The latest report from the Sutton Trust, Social mobility – the next generation makes for depressing reading. It claims there has been a 12 per cent decline in social mobility for young people resulting from lost learning during the pandemic and the cost-of-living crisis.
Other research echoes these findings. In its last annual report, the Education Policy Institute states that educational inequalities existed before the pandemic and that the last few years has seen the narrowing of the gap stall or even go into reverse.
The sad conclusion is that birth is still the best predictor of future success. This was not always the case. If you were a ‘baby boomer’ born in the 20 years after the end of the Second World War you had a fair chance of owning your own home by the age of 40 and could look forward to free university tuition. Now the picture is bleaker. If you have a bad start in life, then it’s tough luck.
Reversing the decline in social mobility is a big ask and the solutions are not just about better education. The cost-of-living crisis and escalating property prices are part of the problem. But the situation may not be as gloomy as some might imagine.
The 2022 State of the Nation report from the government’s Social Mobility Commission claims that the educational attainment gaps between pupils from higher and lower socio-economic backgrounds have narrowed, although this does not take into account the full effects of the pandemic.
Social mobility and its causes are much more nuanced and not a simple equation that can be measured by the number of people achieving entry to universities, says the report. The authors are pressing for a wider perspective, saying that education should cover routes such as further education and apprenticeships, as well as early years, schools and universities. They want to start a wider conversation to find solutions.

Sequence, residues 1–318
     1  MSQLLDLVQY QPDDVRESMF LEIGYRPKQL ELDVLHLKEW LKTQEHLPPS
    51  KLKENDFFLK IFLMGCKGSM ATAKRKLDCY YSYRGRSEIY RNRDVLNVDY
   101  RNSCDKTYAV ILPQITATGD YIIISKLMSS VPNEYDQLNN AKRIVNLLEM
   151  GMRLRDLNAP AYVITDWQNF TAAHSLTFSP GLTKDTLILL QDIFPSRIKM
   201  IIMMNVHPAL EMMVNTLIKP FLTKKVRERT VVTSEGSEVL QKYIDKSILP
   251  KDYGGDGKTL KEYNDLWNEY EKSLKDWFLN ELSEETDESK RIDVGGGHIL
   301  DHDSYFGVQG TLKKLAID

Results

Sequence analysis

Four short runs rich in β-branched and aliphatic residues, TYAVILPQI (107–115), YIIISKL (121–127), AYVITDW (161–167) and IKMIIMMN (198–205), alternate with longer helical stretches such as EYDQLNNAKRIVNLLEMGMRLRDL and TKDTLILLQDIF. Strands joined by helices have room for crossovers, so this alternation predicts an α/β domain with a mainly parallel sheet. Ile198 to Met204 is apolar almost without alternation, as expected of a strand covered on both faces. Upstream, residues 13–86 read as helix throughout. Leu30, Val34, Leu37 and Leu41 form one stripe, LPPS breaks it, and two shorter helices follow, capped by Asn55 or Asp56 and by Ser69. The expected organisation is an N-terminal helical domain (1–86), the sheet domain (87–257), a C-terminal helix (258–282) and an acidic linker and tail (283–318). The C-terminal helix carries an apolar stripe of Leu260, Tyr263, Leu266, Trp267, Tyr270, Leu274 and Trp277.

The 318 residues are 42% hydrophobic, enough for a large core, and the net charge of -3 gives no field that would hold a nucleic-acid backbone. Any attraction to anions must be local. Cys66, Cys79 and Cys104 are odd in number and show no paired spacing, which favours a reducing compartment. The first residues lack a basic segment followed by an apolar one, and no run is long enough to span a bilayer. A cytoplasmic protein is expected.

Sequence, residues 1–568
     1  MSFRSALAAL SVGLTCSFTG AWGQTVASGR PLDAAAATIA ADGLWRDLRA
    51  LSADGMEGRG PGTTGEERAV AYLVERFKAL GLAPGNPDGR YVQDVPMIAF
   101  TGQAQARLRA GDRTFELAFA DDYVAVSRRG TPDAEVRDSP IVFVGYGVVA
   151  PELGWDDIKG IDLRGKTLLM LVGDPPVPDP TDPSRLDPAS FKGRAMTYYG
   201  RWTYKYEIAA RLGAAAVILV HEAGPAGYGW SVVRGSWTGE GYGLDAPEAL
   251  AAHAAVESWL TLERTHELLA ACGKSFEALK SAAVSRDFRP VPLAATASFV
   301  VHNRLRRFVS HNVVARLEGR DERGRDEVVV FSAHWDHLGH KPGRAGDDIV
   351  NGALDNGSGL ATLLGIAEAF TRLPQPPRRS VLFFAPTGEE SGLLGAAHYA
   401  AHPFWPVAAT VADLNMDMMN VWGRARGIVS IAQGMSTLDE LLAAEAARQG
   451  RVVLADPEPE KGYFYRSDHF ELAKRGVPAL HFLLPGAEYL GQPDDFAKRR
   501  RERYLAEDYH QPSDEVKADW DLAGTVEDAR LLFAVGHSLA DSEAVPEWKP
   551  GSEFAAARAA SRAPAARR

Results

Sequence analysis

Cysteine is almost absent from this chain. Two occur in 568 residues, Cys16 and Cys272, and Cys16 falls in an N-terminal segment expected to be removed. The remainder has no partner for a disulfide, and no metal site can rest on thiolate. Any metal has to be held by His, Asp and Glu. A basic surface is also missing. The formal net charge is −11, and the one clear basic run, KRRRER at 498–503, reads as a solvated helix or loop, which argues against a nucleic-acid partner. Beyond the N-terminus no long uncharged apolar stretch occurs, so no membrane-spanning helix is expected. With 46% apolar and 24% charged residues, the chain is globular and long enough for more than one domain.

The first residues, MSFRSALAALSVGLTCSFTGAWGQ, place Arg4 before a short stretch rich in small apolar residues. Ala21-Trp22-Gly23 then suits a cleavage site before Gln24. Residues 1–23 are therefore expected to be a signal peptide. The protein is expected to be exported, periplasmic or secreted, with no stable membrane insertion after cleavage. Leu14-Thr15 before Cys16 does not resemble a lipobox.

The further education sector must be part of that conversation. But we need to take an even broader view. As a provider of distance learning with a mission to break down the barriers that prevent social mobility, distance learning providers like the National Extension College need to be part of that debate.
Our core mission is to enable people to learn flexibly – at their own pace, in their own time and where they want to. When we were set up in 1963 by the social reformer and entrepreneur Michael Young, our main purpose was to provide second chances for people who had missed out on education during the Second World War.
Today, the majority of our students are aged 18 to 24, with an increasing number of under 18s. Many of our younger students need to gain additional qualifications in order pursue a particular career or enter higher education. Others want to learn a particular subject that their school or college doesn’t offer. Then there are those who have had interruptions to their formal education through illness and have to catch up by learning in their own time and place.
Society and the economy have changed vastly since we were set up. Then, opportunities to break through class barriers were greater, not least because of a thriving adult education sector. If Michael Young was alive today, he would undoubtedly be dismayed at the state od social mobility in 2024.
But he would see opportunity too. Technological advances and more flexible working practices mean distance learning is more accessible than ever, and second chances to make a success of education could and should be plentiful. Rapid change and the need to upskill and reskill also mean that many more of us are likely to be ‘second-chance learners’ – further breaking down the stigmas around poor school results.
So our message to the next government (whichever party wins) is clear: To address the inequalities in our society, they must fully embrace second-chance learners and finally look beyond traditional education providers to extend the ladder of opportunity.